Based on that, Next supports SSR (Server-Side Rendering), SSG and ISR (Static Site Generation and Incremental Site Regeneration) and CSR (Client-Side Rendering). While Remix supports only SSR and CSR.
Next first versions only supported SSR and CSR, it wasn't until the release 9.3 when they added support for SSG, and later in 9.5 they added stable support for ISR.
- Since they added support for SSG and ISR the team started to pitch SSG as a solution for lots of websites and proposed to combine it with CSR for dynamic or provide data.
- The idea, is to use SSG to generate a static site with the public information of a website and then use CSR to get the rest, and example of this is when you build an ecommerce you can generate a page for every product with the public data, and then using CSR get the user-specific data like their shopping cart.
- The problem starts when your app needs to show more and more private or dynamic data, in a big enough ecommerce the price of the products may change during the day, the user may have coupons, there could be seasonal discounts, a product may have a different price depending on the user's location, or maybe a discount is only for a few units and once they are sell it should go back to the original.
- Anotehr example could be if you want to show suggestions to the user for related products, should they be the same for every user or should they differ?
In the first scenario you could get the suggestions at build time, in the later which is the most common, you will need to do it client-side at runtime.
- And for product listing pages, with search and filters, SSG is just not an option because generating every possible search plus filter combination is going to take a huge amount of time.
- At that moment, you will need to make a decision, use CSR or SSR. If you go with the CSR way you will degrade the UX of your app adding lots of spinners or loading state, if you go with the SSR way you will get a better UX but now your TTFB (Time To First Byte) will be slower, however a fast TTFB is meaningless if the TTI (Time To Interactive) is high because you do lots of request on the client to get the data needed to show something useful for the user.
- Because of that, Remix decided to go with only SSR, and not SSG, most apps will eventually need private data and if you have a truly static route you can cache it at the edge using a CDN.
Let's define a UI route as any route rendering HTML (a UI), and a non-UI route as the rest, in Next.js this are called API routes, which is probably the most common term used for them, in Remix they decided to call them Resource Routes. Aside of what they expect the files to look like, they are intended to solve the same use case, your app may need some routes which are not sending HTML and instead return something else, typically they're used for sending JSON or in Next to receive a JSON from the browser and perform a mutation server-side (e.g.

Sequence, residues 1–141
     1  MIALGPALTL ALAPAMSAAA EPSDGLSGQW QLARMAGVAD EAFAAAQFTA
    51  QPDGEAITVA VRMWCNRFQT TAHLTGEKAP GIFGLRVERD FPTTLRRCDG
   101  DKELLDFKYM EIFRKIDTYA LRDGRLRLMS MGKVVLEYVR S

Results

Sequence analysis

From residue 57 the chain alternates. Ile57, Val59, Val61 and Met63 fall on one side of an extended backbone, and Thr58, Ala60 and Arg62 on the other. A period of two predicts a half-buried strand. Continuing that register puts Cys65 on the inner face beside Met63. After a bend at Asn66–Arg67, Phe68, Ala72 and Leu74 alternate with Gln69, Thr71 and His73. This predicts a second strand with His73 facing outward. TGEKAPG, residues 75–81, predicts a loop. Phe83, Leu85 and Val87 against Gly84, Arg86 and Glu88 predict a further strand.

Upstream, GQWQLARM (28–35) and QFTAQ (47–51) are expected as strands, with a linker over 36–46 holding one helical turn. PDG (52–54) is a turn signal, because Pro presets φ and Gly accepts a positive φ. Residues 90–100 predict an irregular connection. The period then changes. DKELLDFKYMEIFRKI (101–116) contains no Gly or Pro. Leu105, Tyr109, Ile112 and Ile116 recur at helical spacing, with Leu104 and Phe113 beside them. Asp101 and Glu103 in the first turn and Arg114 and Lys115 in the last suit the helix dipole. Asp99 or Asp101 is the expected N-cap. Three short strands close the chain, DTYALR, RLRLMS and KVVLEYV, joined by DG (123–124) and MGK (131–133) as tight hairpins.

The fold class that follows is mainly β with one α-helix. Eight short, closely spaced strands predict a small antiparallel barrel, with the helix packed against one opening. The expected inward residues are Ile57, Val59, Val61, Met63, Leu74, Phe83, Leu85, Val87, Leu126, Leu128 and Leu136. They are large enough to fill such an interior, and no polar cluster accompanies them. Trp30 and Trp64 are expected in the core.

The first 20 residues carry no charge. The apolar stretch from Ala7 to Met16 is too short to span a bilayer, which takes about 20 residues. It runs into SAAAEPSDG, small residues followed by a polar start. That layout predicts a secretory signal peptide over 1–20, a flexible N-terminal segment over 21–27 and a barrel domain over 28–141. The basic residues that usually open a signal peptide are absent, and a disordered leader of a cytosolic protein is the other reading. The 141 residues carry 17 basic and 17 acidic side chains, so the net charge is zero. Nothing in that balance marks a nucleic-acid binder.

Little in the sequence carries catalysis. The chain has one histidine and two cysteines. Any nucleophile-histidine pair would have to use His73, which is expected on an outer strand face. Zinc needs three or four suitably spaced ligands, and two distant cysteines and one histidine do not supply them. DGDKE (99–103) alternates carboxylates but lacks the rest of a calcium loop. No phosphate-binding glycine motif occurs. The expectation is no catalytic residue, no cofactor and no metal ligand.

Remix decided to go with the name Resource Routes to differentiate from the idea they are only used for an API, you can use a resource route to send or receive JSON, but also send CSS, images, JS scripts, PDFs, etc. Anyway, you could do that with Next.js's API routes, it's just not the most common thing to do.
Next.js comes with many ways to load the data but it doesn't have a built-in way to perform mutations, so you need to do it manually.
This typicalle involves creating a form, attach an onSubmit, prevent the default behavior, get the inputs values (probably from React state or a Form management library like Formik or React Hooks Form), then send the data using the Fetch API to an API route, and of course add a few states to handle the loading state, store any error, etc.
Instead, with Remix you can use their built-in Form component, this component works as a normal Form, you decide if the method is GET or POST, you can add an action with a URL to send the data to which is optional and defaults to the same route fo the form, and put the inputs inside. But now you don't need to do anything else, Remix takes care of sending the values from the form to the action with the correct method and keep a loading state, abort requests if the form is sent again, and way more things you may forgot to do manually, then with the useTransition hook you can know the status of the request.
The request can be sent to any route, not only resource routes, if the method is GET Remix will run the exported loader function, if the method is POST it will run the exported action function.
And, if you need to send a form programmatically, you can use the useFetcher hook or useSubmit hook, useful to send on every keystroke or after checkbox is clicked. Sessions are used commonly to store the user authentication data, you can store a session in a cookie or in an external data store like a DB or the file system, then save a session ID on a cookie.
A cookie can be used to store the session data or session ID or for any other data outside the session you may need, it could be tracking, discount codes, etc. In Next.js, you don't have anything special built-in to work with cookies or session, there are popular libraries like Cookie.js which can work with Next or NextAuth.js to do user authentication and store some session data in a cookie.
Remix comes with cookies and sessions support out of the box, you can create a cookie calling a function and then serialize data to store there or parse data to read it.
With session, you can choose between storing the session data on a cookie, in memory, on the file system, if you deploy to Cloudflare on Worker KV and you can create your own session storage to store the session data in your DB or somewhere else.
Next.js can be deployed to any server where you can run Node.js by doing next build && next start, additionally it has built-in integration to run in serverless mode when deploying to Vercel, and the Netlify team created an adapter to deploy to their service in serverless mode.